Happy second birthday, Foxconn

    Trump Walker Ryan Pence announce Foxconn
    President Donald Trump Announcement event with Foxconn Wednesday, July 26, 2017, in the East Room of the White House in Washington, D.C. (Official White House Photo by Shealah Craighead)

    Two years ago today Foxconn announced its plan to build a new factory in Southeastern Wisconsin and a promise to employ 13,000 people in return for more than $3 billion in aid from the state. 

    The project has sparked enthusiasm from its backers, starting with then-Gov. Scott Walker, and opprobrium from critics who questioned the Taiwan-based electronics manufacturer’s credibility, the record state largesse employed to woo the company, low employee morale, broken promises and potential environmental damage from the proposed facility.

    Homeowners whose properties were condemned and purchased by the town of Mount Pleasant in Racine County, where the plant is being built, as well as travelers on Interstate 94 inconvenienced by extensive construction to accommodate delivery trucks to the Foxconn site weren’t too happy either. 

    Today’s anniversary has so far passed with little fanfare, except from one high-placed skeptic, state Rep. Gordon Hintz (D-Oshkosh). On Thursday, Hintz, the Assembly Democratic leader, put out a list contrasting the company’s initial promises with what has since emerged in statements and news reports about the project.

    “What was originally proposed, passed in enabling legislation, and signed into contract is a project that no longer exists by Foxconn’s own admission,” Hintz said in a statement. “After two years of uncertainty, the reality is we still have very little idea of what is going to take place, what Foxconn is going to be manufacturing, and whether it’s remotely viable in the current market.”

    Hintz’s backhanded birthday greeting included a comparison chart on the project with these contrasts between promises then and now:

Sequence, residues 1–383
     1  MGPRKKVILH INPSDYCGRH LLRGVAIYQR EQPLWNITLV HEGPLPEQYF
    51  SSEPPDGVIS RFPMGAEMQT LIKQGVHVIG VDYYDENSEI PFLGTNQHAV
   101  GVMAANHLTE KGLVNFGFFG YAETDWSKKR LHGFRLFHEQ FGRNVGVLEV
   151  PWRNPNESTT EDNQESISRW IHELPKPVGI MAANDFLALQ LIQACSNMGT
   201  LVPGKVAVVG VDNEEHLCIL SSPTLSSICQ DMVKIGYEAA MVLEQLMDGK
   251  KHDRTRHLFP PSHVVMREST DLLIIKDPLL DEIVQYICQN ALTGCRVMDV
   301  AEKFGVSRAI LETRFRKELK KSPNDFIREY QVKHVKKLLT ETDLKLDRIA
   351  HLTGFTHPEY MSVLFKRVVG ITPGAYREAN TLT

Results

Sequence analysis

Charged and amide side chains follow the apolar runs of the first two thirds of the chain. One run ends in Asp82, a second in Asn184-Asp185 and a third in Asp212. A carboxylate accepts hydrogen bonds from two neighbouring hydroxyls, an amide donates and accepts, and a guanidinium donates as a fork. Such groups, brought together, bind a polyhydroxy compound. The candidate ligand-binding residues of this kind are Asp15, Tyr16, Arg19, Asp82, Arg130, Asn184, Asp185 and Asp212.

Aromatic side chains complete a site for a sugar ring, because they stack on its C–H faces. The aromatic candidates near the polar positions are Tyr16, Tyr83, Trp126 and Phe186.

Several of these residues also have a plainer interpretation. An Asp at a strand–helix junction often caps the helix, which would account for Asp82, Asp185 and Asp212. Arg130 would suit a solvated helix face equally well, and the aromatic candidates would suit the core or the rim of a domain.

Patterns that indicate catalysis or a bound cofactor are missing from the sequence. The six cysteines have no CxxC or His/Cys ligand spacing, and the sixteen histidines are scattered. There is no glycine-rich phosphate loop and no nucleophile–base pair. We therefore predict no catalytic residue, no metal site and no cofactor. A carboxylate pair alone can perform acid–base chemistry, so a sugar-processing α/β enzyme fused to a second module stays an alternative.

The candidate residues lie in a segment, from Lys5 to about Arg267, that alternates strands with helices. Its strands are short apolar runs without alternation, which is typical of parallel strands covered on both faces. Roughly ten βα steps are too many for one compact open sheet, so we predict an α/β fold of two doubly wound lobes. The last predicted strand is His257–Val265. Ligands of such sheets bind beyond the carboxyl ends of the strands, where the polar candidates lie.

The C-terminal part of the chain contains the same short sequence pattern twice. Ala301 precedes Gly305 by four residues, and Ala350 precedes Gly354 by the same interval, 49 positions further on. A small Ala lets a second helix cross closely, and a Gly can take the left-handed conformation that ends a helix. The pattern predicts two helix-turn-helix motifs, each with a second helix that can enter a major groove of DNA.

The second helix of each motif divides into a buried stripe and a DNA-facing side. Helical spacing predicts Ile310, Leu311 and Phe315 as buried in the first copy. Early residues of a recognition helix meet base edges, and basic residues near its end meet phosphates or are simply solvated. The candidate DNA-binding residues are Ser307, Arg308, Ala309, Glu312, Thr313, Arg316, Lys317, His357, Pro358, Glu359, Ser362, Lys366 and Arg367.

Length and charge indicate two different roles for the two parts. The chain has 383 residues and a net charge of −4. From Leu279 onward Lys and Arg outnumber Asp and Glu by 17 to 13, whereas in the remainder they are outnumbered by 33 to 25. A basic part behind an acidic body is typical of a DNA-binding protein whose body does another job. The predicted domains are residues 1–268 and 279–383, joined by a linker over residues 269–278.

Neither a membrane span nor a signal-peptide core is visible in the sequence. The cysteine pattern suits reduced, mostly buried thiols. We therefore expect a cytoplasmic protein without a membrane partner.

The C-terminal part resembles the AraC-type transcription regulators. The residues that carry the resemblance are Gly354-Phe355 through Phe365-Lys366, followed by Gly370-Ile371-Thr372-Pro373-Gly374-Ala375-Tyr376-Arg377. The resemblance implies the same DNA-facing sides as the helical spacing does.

• Facility’s product: Original, Gen 10.5 flat screens; now, Gen 6 flat screens (that followed by a skeptical trio of question marks).
    • Investment: Original, $10 billion; now, “unknown” Hintz asserted, but attributing to “industry experts” the estimate that a Gen 6 facility’s cost would top out at $2.5 billion.
    • Jobs: Original, 13,000; now, 1,500 — although Hintz noted in a footnote that the latter projection is “only according to Foxconn” and hasn’t been assessed independently.
    • Plant square footage: Original, 20 million; now 1.1 million.
    • Innovation centers promised: Originally, in Green Bay, Eau Claire, Milwaukee, Racine, and Madison; now, “currently empty.”
    • Types of workers: Then, 75% hourly assembly line workers and 25% engineers; now, 90% engineers and 10% assembly line. Hintz attributed that latter forecast to an interview that Foxconn executive Louis Woo gave to the Racine Journal Times last August.

    Foxconn did not respond to the Wisconsin Examiner‘s request for comment.

     

    Erik Gunn
    Senior Reporter Erik Gunn reports and writes on work and the economy, along with related subjects, for the Wisconsin Examiner. He spent 24 years as a freelance writer for Milwaukee Magazine, Isthmus, The Progressive, BNA Inc., and other publications, winning awards for investigative reporting, feature writing, beat coverage, business writing, and commentary. An East Coast native, he previously covered labor for The Milwaukee Journal after reporting for newspapers in upstate New York and northern Illinois. He's a graduate of Beloit College (English Comp.) and the Columbia School of Journalism. Off hours he is the Examiner's resident Springsteen and Jackson Browne fanboy and model railroad nerd.

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